William F. Koch, Ph. D., M. D.

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Frederick Dugdale, M.D., chairman of the Board of Trustees, was born of English parents in Lowell, Massachusetts, October 15, 1880.

From early boyhood he had to work to help out financial matters and, at the age of 13, he began working in the mills of Lowell and attending evening high school, from which he graduated with honors five years later.

He worked his way through the Baltimore Medical School, which he entered at the age of 18, being employed outside of college hours as a clerk in a department store or for the Adams Express Company during the first two years. Summer vacation work helped also but most of all the third summer when his work was combined with opportunity for observation at the Insane Hospital at Sykesville, MD. He received the degree of Doctor of Medicine from the Baltimore Medical College in 1903 and the same year was licensed to practice medicine and surgery in Maryland. He began the practice of medicine at Sunnybrook, MD., but one year later was appointed house surgeon for the Bridgeport Co­operative Hospital.

In 1905, he was licensed on examination to practice medicine and surgery in Massachusetts and was appointed house surgeon of Lowell Emergency Hospital, a position which he held until 1907, when he again entered upon the general practice of medicine. Five years later he opened his present office at 376 Boylston St., Boston, Massachusetts, and began to specialize in the non­surgical treatment of cancer.

Dr. Dugdale has taken postgraduate courses in the Boston City Hospital, in the Massachusetts General Hospital, in the Eye and Ear Infirmary of Boston and in the New York Post Graduate Hospital. He is also a graduate in law, having entered the Suffolk Law School (Day department), 1911, and received the degree of Bachelor of Law, three years later. In 1919, he was elected first vice president of the a Allied Association of America, reelected to this position in 1920, elected president in 1921, re­elected in 1922 and was instrumental in raising the standards of this Association and in bringing about its amalgamation in 1923 with the American Association for Medico­Physical Research.

Dr. Dugdale’s interest in cancer dates from his medical college days. His first paper on this subject was presented to his local medical society in 1912. Since then, he has written a number of papers on cancer which have been presented before various medical organizations and later published in their proceedings or journals. He has always believed cancer to be the result of an infection clue to putrefactive bacteria having their origin in the intestinal canal. On this theory, he formulated a treatment, known as the Dugdale Treatment, which consisted in administering hypodermically a preparation containing creosote, guaiacol and the essential oils.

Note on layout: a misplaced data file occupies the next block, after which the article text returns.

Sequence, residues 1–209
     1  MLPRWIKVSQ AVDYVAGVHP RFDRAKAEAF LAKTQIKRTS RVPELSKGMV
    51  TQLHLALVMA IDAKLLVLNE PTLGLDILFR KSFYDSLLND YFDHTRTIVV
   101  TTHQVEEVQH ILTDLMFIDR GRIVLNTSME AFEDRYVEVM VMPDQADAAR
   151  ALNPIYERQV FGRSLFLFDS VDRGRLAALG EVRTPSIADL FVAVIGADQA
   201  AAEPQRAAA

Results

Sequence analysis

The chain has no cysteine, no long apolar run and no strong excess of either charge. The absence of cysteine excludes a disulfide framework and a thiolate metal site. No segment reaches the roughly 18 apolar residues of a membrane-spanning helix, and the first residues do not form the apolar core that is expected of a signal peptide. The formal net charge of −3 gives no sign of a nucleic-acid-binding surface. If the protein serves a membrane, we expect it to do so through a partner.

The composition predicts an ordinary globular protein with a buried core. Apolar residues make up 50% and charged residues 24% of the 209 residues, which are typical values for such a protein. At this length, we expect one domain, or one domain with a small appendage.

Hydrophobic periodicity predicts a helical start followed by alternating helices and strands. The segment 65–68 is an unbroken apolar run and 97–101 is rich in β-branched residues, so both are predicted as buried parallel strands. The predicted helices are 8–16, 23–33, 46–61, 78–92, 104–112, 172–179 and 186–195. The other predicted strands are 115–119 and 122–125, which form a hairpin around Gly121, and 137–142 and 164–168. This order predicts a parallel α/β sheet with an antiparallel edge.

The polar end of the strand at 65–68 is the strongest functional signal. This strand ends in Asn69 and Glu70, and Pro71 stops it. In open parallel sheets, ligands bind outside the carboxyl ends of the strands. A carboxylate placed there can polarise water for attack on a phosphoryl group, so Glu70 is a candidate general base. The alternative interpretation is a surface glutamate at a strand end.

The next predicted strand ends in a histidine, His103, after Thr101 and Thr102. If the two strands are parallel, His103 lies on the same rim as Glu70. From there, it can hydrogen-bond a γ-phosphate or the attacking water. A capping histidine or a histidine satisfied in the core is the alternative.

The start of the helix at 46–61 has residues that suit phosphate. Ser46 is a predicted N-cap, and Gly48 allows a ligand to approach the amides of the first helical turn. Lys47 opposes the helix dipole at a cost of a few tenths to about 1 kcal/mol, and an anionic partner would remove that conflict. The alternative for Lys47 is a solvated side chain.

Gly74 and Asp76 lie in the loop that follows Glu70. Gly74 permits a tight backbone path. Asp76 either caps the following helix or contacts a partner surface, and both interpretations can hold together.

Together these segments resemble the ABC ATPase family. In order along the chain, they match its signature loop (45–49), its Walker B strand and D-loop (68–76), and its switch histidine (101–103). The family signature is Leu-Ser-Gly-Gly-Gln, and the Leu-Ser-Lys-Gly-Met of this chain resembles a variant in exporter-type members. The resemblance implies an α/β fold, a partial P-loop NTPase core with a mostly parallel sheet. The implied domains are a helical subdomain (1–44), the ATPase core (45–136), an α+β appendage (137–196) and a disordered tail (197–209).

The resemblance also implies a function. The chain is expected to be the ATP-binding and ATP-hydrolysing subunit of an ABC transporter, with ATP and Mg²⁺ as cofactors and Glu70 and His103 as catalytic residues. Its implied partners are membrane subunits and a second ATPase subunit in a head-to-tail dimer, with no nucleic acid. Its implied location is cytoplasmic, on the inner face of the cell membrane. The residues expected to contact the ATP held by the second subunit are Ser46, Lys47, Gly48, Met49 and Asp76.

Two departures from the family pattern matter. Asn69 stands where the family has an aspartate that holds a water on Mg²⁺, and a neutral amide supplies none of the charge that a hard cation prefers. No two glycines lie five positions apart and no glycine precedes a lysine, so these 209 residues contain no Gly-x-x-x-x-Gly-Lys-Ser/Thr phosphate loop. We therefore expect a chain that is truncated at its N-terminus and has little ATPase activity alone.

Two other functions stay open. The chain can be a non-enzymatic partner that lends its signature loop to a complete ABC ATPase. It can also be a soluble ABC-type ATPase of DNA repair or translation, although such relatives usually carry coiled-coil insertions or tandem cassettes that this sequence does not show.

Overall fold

Always on the watch for something better in the treatment of cancer, Dr. Dugdale visited Dr. Koch in 1920 (at which time Doctor Koch was not in a position to permit others to use his treatment) and in 1923 he visited Dr. Albert Abrams and took a private course in the latter’s method of diagnosis of cancer by the use of the electronic reactions of Abrams. In 1924, he presented a paper before the American Association for Medico­Physical Research entitled, “Cancer, its Cause, Diagnosis and Treatment, a Preliminary Report on a New Line of Research,” in which he made use of the electronic reactions elicited from photographs of individuals of four generations. The result of this research was to add one more line of evidence on the hereditary nature of cancer.

Ever looking for something better for the treatment of cancer patients, Dr. Dugdale again visited Dr. Koch in 1924 and in November was authorized by Dr. Koch to be his representative in New England. Since then Dr. Dugdale has treated 115 cases with Koch’s synthetic antitoxin, many of whom were in the advanced stage. Twenty­six of the patients have died but the others are reported to be progressing favorably toward recovery if not already clinically cured.

Dr. Dugdale is a Knight Templar, a thirty­second degree Mason, a Shriner, and an Elk. He is a man of pleasant personality, an earnest student, a beloved physician and a self­sacrificing worker for the promotion of the medical profession and for the A. A. M. P. R. in particular. He has been a member of the Board of Trustees for three years.